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We spend a great deal of time and effort trying to make healthcare more affordable and to ensure better outcomes. Too often, the upshot is to reduce all problems and challenges to a singularity in search of a silver bullet. It never works, but it seems like human nature to take that approach.
Salesforce has taken a tactic that is bearing fruit, in part because it isn’t really trying to fix healthcare. Instead, it has set a more modest goal of making the information flow a little better. It turns out that this can have big positive effects.
Like many industries, healthcare began its information automation odyssey many decades ago by building systems of record — places that stored diagnostic data for rapid retrieval. Initially that was plenty, because a single doctor usually took care of the patient. When multiple specialists began treating the same patient, data got big and demands for it increased significantly.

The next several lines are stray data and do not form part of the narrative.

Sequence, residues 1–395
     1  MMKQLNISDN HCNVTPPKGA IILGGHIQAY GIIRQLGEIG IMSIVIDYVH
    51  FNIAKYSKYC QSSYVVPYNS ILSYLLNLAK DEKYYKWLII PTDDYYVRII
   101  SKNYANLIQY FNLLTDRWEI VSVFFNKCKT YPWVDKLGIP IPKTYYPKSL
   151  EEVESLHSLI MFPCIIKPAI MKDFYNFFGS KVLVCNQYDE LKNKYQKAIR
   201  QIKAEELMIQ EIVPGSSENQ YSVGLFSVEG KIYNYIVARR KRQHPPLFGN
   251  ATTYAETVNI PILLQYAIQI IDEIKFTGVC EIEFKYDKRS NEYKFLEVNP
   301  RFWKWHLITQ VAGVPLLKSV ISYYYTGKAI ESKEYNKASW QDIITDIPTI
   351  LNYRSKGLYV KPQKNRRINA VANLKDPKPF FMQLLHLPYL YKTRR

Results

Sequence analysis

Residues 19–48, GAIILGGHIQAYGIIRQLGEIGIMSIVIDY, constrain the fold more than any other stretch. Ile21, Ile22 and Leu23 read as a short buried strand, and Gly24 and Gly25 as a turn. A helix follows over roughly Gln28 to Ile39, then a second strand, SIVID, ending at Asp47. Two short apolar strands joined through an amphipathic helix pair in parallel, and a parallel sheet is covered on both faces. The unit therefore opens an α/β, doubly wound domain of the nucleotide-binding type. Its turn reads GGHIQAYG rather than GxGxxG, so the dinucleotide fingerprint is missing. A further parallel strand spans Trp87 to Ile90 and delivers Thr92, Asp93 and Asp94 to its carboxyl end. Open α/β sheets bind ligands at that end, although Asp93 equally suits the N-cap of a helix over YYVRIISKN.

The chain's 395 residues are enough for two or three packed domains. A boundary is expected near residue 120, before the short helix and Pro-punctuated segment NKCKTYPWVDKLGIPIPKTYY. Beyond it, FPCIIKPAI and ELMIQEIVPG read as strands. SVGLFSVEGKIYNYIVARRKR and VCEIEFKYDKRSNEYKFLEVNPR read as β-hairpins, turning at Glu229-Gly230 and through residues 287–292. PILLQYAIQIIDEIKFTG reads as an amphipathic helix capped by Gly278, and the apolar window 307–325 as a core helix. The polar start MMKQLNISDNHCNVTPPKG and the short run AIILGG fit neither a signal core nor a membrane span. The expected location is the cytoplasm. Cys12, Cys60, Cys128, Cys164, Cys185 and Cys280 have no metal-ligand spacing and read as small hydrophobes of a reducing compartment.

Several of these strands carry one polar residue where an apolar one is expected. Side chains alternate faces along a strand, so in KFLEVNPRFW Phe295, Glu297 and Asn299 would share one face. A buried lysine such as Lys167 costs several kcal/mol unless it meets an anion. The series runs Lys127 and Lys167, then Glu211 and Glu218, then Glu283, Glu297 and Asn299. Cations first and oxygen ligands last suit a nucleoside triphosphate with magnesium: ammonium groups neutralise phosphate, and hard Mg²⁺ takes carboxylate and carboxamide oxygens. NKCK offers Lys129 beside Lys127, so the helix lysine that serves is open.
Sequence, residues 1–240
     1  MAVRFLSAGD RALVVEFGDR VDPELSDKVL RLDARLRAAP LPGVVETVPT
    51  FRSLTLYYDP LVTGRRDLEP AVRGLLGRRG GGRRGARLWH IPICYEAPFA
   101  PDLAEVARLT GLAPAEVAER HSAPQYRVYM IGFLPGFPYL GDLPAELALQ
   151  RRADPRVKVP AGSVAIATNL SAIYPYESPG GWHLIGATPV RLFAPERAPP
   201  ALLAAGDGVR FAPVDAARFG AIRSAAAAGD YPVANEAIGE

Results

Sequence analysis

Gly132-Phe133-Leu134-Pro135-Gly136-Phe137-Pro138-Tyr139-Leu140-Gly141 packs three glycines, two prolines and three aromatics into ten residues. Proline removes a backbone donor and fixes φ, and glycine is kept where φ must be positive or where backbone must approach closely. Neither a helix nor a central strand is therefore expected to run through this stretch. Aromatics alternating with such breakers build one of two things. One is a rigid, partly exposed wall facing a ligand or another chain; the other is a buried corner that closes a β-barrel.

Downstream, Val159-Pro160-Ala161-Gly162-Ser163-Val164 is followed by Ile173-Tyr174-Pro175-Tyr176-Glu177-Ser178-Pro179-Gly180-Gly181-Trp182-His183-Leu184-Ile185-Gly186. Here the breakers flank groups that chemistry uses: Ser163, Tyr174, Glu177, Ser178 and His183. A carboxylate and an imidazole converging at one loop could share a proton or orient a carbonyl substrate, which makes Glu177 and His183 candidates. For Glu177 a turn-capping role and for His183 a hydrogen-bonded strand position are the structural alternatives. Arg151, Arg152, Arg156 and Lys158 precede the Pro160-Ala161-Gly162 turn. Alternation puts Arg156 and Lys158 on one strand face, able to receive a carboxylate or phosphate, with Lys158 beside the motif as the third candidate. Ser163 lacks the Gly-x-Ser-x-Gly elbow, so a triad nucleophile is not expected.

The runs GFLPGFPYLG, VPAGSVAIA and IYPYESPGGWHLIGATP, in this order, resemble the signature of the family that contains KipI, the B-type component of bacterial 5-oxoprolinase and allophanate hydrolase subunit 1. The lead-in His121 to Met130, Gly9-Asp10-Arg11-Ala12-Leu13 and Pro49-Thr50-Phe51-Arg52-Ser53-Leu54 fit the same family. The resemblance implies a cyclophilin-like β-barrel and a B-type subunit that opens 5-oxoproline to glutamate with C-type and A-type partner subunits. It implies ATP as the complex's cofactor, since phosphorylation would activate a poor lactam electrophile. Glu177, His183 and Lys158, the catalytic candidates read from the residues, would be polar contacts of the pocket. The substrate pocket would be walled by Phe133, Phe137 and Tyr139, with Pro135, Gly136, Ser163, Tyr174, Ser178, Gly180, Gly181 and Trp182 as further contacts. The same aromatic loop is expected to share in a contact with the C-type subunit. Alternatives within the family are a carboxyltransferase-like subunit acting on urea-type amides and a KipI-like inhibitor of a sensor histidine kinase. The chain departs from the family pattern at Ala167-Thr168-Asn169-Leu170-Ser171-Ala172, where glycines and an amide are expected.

Today an army of people participate in patient care — from nurses and technicians to doctors, both generalists and specialists — and they all need access to the patient’s data. Hospital IT was set up to serve the information needs of doctors in the hospital, but data consumers increasingly call for data in and out of the hospital and at all hours.
The End of Hospitals?
This is all brought home in “Are Hospitals Becoming Obsolete?” published earlier this week in The New York Times. In the article, author Ezekiel J. Emanuel, MD, presents some startling information for the layperson. For example, the peak year for hospitalizations in the United States was 1981, and they have been declining ever sense.
In 1981, there were 6,933 hospitals in the U.S., while there are now 5,534. It’s not healthier lifestyles that account for the decline, though. Healthcare, like Elvis, has left the building in favor of clinics, ambulatory surgical centers, birthing centers and other noncritical care centers.